Coronavirus put an end to this years Geneva International Motor Show.
But the decision by authorities in Switzerland to cancel the event — part of a ban on large gatherings aimed at containing the virus — underlines the fading relevance of what had been key events on the annual schedule of automakers, motoring journalists, lobbyists and car lovers.
Instead of hobnobbing in massive halls with thousands of potential clients, carmakers are joining just about every other part of the economy and going digital.
BMW, Hyundai, Volkswagen and Daimler said theyd take their presentations online. If those efforts get clicks, it could deflate future car shows — with carmakers previously paying upward of €1 million for glitzy stands and prominent spots.
“This is a case of force majeure and a tremendous loss for the manufacturers who have invested massively in their presence in Geneva,” said Maurice Turrettini, chairman of the foundation board that runs the Geneva show.
Those traditional auto shows have been hit by dwindling interest.
Ferdinand Dudenhöffer, a professor at the Institute for Customer Insight at St. Gallen University, estimates carmakers paid a total of €100 million to take part in the show — money that wont be refunded.
“There is a great danger that the short-term cancellation … will now completely cut the thread,” said Dudenhöffer.
In an effort to stay relevant, the Geneva International Motor Show organizers livestreamed the presentation of their Car of the Year award on Monday afternoon. That gong went to the Peugeot 208, even though the French automaker wasnt signed up to show its wares at the physical show.
The European car calendar is dominated by two events — Geneva in the spring and a bigger September bash that alternates between Paris and, until now, Frankfurt.
The Peuget 208 won Car of the Year honors at this years show | Pool photo by Salvatore Di Nolfi/AFP via Getty Images
But those traditional shows have been hit by dwindling interest. In 2015, the Frankfurt show saw 930,000 people visit. In 2017 that was down to 810,000, and last September it was down to just 550,000, with some big carmaking names dropping out. That prompted Germanys auto lobby group, the Association of the Automotive Industry (VDA), to look at Berlin, Munich and Hamburg for the 2021 event.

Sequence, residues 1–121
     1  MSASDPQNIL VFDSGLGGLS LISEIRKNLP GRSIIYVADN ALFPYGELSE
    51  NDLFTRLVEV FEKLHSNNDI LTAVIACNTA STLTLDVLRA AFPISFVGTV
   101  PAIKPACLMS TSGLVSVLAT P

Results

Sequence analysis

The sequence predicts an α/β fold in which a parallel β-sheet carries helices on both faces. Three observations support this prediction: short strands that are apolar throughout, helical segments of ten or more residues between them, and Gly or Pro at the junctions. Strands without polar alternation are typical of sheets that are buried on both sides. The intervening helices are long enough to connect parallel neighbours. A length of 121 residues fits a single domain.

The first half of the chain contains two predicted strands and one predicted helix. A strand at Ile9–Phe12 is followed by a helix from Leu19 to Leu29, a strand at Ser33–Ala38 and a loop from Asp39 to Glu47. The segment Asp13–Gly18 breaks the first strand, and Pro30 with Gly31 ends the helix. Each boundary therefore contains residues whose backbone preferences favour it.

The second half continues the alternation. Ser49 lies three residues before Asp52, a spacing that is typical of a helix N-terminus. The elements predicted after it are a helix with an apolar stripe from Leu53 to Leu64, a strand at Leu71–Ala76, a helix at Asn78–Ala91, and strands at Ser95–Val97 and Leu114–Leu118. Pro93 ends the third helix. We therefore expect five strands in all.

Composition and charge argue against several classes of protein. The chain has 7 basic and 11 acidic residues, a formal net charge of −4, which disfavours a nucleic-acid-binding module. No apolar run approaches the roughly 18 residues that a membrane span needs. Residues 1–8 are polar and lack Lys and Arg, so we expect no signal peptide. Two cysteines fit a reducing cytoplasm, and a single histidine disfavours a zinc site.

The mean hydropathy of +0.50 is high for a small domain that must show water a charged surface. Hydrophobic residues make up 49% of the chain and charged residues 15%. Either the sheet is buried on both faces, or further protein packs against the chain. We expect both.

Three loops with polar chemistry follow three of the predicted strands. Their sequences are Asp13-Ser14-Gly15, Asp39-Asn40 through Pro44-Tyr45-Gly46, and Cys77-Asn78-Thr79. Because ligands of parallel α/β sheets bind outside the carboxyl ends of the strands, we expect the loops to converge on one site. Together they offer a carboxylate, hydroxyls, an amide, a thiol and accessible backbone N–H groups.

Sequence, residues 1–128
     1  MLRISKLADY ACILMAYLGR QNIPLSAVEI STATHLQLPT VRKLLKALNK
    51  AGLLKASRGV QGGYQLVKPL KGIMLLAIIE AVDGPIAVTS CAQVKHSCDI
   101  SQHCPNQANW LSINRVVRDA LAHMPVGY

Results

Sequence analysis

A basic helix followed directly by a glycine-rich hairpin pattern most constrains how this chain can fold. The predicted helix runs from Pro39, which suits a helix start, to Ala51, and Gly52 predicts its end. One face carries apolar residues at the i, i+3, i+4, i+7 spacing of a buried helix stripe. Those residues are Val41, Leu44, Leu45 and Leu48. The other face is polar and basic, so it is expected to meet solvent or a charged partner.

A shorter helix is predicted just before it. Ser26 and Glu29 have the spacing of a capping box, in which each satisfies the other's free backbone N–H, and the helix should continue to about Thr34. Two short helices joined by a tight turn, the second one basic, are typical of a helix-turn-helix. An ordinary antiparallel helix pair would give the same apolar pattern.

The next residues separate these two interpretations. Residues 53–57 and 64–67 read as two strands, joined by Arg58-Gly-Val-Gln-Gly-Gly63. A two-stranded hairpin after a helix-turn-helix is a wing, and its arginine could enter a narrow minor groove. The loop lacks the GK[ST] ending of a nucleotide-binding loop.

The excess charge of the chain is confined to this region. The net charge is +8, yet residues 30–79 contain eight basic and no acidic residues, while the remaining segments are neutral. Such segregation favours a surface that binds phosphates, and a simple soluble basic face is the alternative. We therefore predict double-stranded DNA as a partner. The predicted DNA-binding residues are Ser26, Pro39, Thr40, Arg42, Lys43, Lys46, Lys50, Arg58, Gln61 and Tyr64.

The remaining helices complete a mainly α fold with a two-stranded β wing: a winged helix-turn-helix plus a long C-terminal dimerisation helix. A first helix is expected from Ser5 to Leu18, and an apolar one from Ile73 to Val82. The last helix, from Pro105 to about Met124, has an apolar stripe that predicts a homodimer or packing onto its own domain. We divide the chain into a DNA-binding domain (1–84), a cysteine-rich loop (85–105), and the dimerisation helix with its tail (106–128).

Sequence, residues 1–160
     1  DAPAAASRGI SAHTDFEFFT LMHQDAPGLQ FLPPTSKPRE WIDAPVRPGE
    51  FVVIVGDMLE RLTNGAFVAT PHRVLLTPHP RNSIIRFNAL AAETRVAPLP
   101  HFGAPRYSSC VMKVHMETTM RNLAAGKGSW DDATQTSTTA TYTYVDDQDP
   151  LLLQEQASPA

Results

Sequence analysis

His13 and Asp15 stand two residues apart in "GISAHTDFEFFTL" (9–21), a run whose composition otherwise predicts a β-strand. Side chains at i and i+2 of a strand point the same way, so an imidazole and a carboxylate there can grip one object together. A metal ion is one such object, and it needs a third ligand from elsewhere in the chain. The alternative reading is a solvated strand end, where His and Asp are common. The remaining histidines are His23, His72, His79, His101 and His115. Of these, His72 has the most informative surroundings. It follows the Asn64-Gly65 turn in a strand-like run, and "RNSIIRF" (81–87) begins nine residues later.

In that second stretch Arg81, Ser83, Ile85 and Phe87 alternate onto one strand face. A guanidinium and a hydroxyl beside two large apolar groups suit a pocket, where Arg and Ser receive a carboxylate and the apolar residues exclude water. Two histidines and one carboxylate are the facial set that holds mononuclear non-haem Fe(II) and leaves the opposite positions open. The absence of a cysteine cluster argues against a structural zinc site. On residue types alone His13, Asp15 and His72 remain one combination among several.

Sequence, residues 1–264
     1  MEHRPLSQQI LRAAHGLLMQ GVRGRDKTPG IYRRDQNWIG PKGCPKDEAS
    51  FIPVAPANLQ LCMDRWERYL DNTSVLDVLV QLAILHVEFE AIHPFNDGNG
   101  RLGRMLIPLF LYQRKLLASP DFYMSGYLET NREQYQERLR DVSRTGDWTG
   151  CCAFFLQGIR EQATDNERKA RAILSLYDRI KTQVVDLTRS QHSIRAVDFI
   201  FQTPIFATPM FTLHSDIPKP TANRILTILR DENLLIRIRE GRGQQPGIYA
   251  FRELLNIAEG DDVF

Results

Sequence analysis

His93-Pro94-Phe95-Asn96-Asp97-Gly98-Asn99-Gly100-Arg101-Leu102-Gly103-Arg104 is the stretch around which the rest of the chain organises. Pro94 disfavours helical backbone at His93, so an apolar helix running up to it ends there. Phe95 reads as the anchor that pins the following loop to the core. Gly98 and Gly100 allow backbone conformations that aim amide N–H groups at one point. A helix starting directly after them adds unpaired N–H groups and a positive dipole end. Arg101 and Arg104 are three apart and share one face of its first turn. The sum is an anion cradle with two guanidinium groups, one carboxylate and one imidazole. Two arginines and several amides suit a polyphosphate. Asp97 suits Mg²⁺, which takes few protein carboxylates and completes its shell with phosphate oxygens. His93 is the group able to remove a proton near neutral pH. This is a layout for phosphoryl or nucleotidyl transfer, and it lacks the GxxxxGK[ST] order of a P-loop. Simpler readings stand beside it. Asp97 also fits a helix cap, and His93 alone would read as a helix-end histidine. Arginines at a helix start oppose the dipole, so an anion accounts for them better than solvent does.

The Geneva show had been filled with growing numbers of catering stands, vintage cars and car parts-makers as mainstream automaker presentations began to thin out. This time around some 14 major automakers — among them big beasts such as Jaguar, Nissan, Volvo and Opel — were not registered to showcase their vehicles.
But it isnt only about visitor numbers. Such shows also provide a chance for industry associations to convene their summits with auto industry executives on the sidelines.
At this years summit in Geneva, the Brussels-based European Automobile Manufacturers Association (ACEA) was planning to link up executives for a wide-ranging board meeting that would include, for example, getting an industry line on EU proposals to review vehicle CO2 emission reductions.
The coronavirus cancellation means they will do it by conference call instead, auto bosses said.
Although carmakers are hoping that shifting online will alloRead More – Source